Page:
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Professor Hadfield was a speaker at the 2001 American Franchisee Association's Franchisee Legal Symposium. Reputation mechanisms are the key. Please find below an excerpt from her testimony. The entire record can be found below.
They [government] can support the reputation mechanisms and can do that by supporting the flows of information, by allowing information to flow. It's important for the stories about what franchisors have done and what franchisees have experienced to be out there and available at low cost to potential franchisees, so that they can make judgments about what to do, because that's what provides the check on franchisor behaviour that will in the end probably be most effective. That's really what makes the reputation mechanism that says, "Look, a franchisor's not going to cheat their franchisees because they won't be able to sell franchises." For that to work, that information has to be flowing. That's what you want franchisors to be doing, is paying attention to that...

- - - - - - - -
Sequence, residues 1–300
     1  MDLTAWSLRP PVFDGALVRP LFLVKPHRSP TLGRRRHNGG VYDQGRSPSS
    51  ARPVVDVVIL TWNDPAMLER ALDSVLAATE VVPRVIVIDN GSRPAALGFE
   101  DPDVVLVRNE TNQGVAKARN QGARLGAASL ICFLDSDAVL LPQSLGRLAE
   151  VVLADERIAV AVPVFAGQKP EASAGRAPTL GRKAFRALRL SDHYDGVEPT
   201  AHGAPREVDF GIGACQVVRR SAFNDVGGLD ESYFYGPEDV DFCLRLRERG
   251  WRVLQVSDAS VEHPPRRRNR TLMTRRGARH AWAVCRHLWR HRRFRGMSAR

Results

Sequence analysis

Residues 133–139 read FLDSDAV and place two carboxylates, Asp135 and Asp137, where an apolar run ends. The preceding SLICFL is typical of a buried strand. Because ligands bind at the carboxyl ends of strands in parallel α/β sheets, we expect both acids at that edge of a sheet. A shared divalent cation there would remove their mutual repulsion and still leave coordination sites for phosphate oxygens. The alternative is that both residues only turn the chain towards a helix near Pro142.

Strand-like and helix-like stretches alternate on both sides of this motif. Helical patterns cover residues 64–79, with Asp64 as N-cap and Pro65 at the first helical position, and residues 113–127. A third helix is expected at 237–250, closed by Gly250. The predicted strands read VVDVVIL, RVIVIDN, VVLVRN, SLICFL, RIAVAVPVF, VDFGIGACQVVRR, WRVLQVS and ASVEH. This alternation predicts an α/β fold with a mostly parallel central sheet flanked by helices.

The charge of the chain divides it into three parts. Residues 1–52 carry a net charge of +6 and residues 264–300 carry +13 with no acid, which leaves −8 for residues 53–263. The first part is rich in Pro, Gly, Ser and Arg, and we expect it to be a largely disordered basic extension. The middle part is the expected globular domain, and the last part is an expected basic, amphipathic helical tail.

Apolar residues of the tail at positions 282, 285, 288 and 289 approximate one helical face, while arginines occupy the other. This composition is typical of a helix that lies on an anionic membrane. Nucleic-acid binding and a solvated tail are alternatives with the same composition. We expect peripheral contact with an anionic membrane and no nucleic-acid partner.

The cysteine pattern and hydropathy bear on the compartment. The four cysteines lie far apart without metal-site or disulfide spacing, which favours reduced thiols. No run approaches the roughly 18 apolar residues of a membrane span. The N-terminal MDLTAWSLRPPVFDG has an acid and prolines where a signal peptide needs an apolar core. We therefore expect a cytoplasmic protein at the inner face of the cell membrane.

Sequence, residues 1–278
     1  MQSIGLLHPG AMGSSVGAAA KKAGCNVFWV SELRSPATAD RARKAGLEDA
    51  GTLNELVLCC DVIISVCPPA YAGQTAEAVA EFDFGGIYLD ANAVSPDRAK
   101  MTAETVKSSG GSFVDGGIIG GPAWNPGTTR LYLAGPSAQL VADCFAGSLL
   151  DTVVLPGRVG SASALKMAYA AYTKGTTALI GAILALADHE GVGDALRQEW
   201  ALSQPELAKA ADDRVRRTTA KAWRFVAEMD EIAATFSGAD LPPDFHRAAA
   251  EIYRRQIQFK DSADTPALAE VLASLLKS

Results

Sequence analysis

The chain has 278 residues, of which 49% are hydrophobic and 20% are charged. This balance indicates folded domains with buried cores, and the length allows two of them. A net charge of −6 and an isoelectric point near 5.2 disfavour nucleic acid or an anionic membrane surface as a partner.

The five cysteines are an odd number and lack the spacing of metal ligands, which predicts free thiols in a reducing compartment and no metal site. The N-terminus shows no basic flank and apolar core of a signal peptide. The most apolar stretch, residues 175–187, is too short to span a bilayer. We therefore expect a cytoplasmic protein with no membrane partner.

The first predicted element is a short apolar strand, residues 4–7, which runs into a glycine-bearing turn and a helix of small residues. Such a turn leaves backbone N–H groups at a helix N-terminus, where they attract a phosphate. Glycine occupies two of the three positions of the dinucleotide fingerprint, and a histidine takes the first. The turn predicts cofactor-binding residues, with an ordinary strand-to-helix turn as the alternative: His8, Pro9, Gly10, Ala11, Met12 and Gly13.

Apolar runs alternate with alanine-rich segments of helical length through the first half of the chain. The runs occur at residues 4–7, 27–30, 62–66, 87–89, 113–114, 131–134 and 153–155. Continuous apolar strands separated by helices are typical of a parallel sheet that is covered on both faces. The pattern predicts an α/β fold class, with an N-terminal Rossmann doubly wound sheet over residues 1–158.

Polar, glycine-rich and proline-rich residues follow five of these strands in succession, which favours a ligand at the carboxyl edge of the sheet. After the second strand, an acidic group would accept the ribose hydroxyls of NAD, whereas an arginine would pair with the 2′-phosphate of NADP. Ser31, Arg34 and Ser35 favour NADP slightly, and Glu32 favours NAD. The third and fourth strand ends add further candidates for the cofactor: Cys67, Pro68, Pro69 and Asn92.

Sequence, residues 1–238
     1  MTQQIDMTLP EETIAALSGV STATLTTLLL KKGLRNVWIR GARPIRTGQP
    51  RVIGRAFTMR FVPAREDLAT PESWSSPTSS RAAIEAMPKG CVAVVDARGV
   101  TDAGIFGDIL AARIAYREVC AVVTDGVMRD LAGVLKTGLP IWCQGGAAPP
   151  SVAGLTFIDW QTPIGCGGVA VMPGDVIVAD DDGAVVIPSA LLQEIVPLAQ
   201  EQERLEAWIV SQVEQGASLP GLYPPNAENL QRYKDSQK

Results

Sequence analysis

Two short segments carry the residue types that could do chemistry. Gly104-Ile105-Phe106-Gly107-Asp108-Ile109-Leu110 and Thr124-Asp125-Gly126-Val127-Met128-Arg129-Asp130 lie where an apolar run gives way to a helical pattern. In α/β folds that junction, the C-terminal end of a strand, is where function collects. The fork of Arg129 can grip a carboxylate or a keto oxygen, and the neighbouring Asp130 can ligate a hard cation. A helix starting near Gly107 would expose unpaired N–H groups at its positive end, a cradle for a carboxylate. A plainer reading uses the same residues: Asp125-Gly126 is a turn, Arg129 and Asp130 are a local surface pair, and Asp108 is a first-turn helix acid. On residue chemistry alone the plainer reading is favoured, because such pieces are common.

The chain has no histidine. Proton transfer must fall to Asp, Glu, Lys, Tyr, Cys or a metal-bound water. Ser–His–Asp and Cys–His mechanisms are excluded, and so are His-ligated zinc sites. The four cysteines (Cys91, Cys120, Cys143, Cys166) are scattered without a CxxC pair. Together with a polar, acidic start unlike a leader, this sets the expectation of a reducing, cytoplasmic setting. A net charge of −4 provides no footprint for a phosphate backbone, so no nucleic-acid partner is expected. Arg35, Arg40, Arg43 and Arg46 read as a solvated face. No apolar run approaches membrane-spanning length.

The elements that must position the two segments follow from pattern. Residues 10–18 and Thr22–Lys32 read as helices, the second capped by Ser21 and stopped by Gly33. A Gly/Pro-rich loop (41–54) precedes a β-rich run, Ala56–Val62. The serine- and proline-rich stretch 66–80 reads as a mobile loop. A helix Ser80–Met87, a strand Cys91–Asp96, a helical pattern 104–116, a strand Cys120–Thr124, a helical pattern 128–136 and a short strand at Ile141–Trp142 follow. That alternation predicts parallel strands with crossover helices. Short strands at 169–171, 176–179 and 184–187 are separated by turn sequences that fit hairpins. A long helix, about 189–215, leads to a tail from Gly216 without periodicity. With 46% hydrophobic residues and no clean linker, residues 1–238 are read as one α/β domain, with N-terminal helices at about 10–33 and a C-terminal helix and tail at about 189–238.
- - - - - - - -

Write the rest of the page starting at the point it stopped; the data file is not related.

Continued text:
For example, I think there should be a real push for the government to make sure that information is flowing, that it's not made confidential by confidentiality agreements, that franchisees are protected against lawsuits in the event they talk about what's happened to them as franchisees.
...for example, by mandating participation in an Internet Web site that publicizes information about the experience of franchisees with particular franchisors, that prospective franchisees could then access in order to assess, just as they're assessing investment levels and how you've been in this, so that the information is there. At the end of the day, I think that's one of the most effective things we can do.
Note: [italics - my emphasis]